Sierra was asked to share her experiences with technology and the work she has done as part of our programs. Sierra delivered a short, but inspiring talk to a room full of young ladies as a kick off to the entire day of activities and workshops. She shared about her focal projects, including the Digital Jukebox Piano, which was included as part of the 2015 White House Science Fair, and gave advice to the girls to about pursuing their interests in STEM and made recommendations on how to do so.

We are so proud of all that Sierra has accomplished and are grateful that other organizations are interested in her work and perspective!

You can read more about the event in these places:



Jonathan Presents at Ignite Education 2015


I recently had the privilege to speak at the third annual City Neighbors Foundation Ignite Education event and I’m excited to share my experience!

Ignite Talks are a public speaking format developed by Brady Forrest and Bre Pettis in 2006. Each talk is exactly five minutes long and 20 slides that auto-advance every 15 seconds. The slides advance whether or not the speaker is ready for them to advance; there is no ability to pause the slides once the presentation starts. The goal is for the talk to be rapid pace and to keep the topic moving forward. The tagline for the official Ignite Talks is “Enlighten us, but make it quick” and this is a great summary of the spirit of the event.


Ignite Education Baltimore is a local, education based spin-off from this larger series and it is hosted by City Neighbors Foundation each year. The overarching topic for this year’s Ignite Education event was “education and social justice in Baltimore,” and all the proposed talks had to relate to this issue in one way or another. The City Neighbors Foundation stated that one of the main goals was to get the audience talking and inspired about this larger topic, and that each talk should ideally be conversational and spark ideas and foster dialogue both during and after the event.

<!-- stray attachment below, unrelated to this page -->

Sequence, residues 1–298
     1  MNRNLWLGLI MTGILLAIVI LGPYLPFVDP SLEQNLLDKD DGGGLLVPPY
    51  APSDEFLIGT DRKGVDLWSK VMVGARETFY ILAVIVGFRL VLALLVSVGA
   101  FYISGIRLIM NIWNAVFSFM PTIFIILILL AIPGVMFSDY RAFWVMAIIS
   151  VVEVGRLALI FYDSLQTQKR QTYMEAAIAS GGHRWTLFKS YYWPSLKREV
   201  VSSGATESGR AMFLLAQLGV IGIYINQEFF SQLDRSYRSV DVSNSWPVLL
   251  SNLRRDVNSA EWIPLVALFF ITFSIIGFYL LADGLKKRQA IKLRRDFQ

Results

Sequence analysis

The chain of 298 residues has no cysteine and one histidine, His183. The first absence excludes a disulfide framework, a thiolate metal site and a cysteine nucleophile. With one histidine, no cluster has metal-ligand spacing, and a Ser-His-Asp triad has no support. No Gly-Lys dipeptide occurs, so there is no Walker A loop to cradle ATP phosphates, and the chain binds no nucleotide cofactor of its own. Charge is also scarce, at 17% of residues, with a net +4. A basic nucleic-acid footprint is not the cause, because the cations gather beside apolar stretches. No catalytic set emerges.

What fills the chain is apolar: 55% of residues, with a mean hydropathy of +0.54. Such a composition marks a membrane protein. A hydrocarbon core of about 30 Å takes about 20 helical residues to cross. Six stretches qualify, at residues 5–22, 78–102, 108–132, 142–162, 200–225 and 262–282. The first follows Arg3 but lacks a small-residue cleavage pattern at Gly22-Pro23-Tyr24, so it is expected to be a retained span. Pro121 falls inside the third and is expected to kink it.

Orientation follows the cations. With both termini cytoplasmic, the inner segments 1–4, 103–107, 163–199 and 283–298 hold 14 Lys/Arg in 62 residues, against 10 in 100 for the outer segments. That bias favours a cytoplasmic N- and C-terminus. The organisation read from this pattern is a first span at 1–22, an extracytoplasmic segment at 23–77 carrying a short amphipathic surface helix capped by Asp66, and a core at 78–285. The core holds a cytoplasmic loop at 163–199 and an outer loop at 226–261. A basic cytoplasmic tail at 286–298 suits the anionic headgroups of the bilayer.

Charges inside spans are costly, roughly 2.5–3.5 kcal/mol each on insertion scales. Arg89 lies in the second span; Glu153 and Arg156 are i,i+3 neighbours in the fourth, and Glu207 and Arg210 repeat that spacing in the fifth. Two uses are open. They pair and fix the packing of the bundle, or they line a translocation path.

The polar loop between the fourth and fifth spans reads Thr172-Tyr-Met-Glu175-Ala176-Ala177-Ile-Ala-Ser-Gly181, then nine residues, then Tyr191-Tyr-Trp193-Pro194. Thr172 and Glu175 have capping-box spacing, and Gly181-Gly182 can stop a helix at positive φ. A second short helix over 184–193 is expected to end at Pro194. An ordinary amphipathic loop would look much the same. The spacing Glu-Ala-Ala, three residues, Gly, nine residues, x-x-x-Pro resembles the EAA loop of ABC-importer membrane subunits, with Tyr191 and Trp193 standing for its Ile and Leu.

I submitted my proposal as soon as I found out about the event because I was interested in the challenging Ignite format and I considered it a great way to share my thoughts and experiences with the education community in Baltimore.  I thought that my talk would fit well with the topic and knew this event would be valuable public speaking practice and allow me to further refine my ability to think quickly. The driving factor for my submission was that I wanted to meet other educators and invite a discussion for my theme and highlight my passion for youth empowerment.


My talk explored how the integration of making and the Hacker Mindset in education in recent years has resulted in increased opportunity and a progression away from a consumer culture in education toward a producer culture where youth have a hand in their education and knowledge development. As these changes have gained momentum there have been big shifts on a large scale, but I wanted to dive in and dissect how this integration plays out on an individual level between teacher and student.

This was the overall goal of my talk and I integrated in two core concepts from Bruce Lee’s martial art philosophy Jeet Kune Do: the idea of being like water, embracing fluidity to change forms, and the importance of being willing to absorb that which is useful, regardless of the source. This was the driving force for my personal movement away from an ego-driven mindset in my youth education background to a more empowerment-driven mindset where I was willing to learn from youth and elevate them as experts. I related my personal experiences and how these guiding philosophical points that I borrowed from Bruce Lee have helped me change my approach to education and learning, and I relayed how working at Digital Harbor Foundation has shaped my growth as an educator. Here is a video of my talk that Jen took: